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Tea Banh warns of fake medicine at Asean meet

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Minister of National Defence Tea Banh delivered a speech at the 14th Asean Health Ministers Meeting in Siem Reap on Thursday. Facebook page

Tea Banh warns of fake medicine at Asean meet

Minister of National Defence Tea Banh acknowledged at the 14th Asean Health Ministers Meeting in Siem Reap on Thursday that “fake and poor quality” drugs were a major problem in the region.

Banh, who stood-in for Prime Minister Hun Sen, called on the Asean bloc to cooperate in the battle against fake medicine, which he said was “worryingly spreading across the region”.

He told ministers that substandard medicine had stymied growth in the Kingdom’s economy and “seriously affected lives and endangered public health and social safety”.

“Fake and poor quality medicine is worryingly spreading across the region and the globe, especially drugs advertised online without identifying a clear source and proper registration,” Banh said.

The World Health Organisation (WHO) reported in 2017 that one in 10 medicinal products in medium and low-income countries were “substandard or falsified”.

“This means that people are taking medicines that fail to treat or prevent disease. Not only is this a waste of money for individuals and health systems that purchase these products, but substandard or falsified medical products can cause serious illness or even death,” the WHO report said.

“We need to help people become more aware of the growing market in counterfeit medicines and the public health risks associated with this illegal practice,” said Dr Howard Zucker, assistant director-general for the Health Technology and Pharmaceuticals department at WHO.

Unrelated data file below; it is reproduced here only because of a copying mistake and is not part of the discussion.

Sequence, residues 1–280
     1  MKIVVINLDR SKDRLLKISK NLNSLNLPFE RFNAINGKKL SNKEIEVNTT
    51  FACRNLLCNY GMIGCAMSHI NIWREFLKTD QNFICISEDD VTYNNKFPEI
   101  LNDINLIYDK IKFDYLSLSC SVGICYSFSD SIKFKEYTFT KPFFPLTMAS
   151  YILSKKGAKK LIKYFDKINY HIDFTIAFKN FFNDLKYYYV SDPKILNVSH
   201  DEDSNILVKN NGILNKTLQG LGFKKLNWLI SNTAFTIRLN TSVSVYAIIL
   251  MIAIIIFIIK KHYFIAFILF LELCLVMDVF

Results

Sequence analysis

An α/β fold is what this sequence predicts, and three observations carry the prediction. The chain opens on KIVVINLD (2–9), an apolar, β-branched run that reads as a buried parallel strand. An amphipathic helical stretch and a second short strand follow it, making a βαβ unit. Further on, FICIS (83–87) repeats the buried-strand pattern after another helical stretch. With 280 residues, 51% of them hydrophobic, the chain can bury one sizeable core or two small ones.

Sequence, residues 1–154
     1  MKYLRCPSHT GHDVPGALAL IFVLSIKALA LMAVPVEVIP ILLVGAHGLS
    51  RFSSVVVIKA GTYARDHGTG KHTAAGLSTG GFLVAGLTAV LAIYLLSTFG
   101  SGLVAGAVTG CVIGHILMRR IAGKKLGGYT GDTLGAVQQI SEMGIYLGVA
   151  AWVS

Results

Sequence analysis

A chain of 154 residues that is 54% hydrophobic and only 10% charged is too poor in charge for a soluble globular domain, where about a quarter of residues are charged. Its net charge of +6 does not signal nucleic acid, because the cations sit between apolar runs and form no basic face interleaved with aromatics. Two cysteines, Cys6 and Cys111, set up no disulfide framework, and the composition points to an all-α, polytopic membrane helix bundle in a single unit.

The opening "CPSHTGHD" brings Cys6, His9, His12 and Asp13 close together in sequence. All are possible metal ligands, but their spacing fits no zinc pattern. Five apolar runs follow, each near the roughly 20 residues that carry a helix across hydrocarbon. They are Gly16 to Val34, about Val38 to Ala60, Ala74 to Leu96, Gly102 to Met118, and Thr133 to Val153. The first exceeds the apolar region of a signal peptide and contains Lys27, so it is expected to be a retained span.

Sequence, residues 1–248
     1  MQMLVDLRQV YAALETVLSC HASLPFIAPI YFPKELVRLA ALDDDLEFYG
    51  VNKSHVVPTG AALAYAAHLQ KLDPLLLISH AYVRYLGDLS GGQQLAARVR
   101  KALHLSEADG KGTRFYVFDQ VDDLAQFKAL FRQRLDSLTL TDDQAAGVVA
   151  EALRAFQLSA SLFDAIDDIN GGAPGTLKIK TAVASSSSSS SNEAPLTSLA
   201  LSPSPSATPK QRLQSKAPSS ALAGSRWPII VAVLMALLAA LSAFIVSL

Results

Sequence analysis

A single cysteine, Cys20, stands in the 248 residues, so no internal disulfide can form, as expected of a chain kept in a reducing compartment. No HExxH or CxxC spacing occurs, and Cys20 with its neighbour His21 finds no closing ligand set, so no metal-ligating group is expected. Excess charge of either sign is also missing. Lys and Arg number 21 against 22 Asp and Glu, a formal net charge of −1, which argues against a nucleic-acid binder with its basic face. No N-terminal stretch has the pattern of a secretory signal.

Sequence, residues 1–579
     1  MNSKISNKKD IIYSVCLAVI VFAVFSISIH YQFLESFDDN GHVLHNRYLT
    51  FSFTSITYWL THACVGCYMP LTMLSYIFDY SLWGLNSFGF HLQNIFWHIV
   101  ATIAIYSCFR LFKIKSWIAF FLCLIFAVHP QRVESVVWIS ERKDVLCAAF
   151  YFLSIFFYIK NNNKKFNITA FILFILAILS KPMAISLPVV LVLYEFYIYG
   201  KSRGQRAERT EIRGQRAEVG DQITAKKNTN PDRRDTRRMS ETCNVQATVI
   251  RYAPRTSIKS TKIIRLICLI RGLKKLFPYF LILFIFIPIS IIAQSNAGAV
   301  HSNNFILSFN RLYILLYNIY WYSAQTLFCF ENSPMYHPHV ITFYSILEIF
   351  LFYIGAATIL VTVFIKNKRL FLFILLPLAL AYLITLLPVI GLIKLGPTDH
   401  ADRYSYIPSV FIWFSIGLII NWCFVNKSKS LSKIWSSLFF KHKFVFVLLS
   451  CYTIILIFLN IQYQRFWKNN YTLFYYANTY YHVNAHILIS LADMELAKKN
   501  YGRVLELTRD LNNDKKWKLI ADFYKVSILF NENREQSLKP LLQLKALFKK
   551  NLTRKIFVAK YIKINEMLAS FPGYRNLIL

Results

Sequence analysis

About 53 per cent of fake drugs are artesunates – used to treat malaria – a growing problem in Southeast Asia.

Still, only about two per cent of reports regarding fake drugs come from the WHO Southeast Asia Region – highlighting the need for increased monitoring.

Banh urged Asean countries to cooperate with the WHO to implement existing regional and global standards, including new mechanisms and guidelines to harmonise the region’s health sector. He requested the WHO to increase support to prevent substandard drugs from being used.

Health ministers from China, Japan and Korea also attended the meeting.

The Asean health ministers’ meeting rotates among the 10 member states. The meeting is held every two years with Cambodia serving as host this year.

They will continue to review and approve regulation to address various solutions to regional health issues which affect billions of people.

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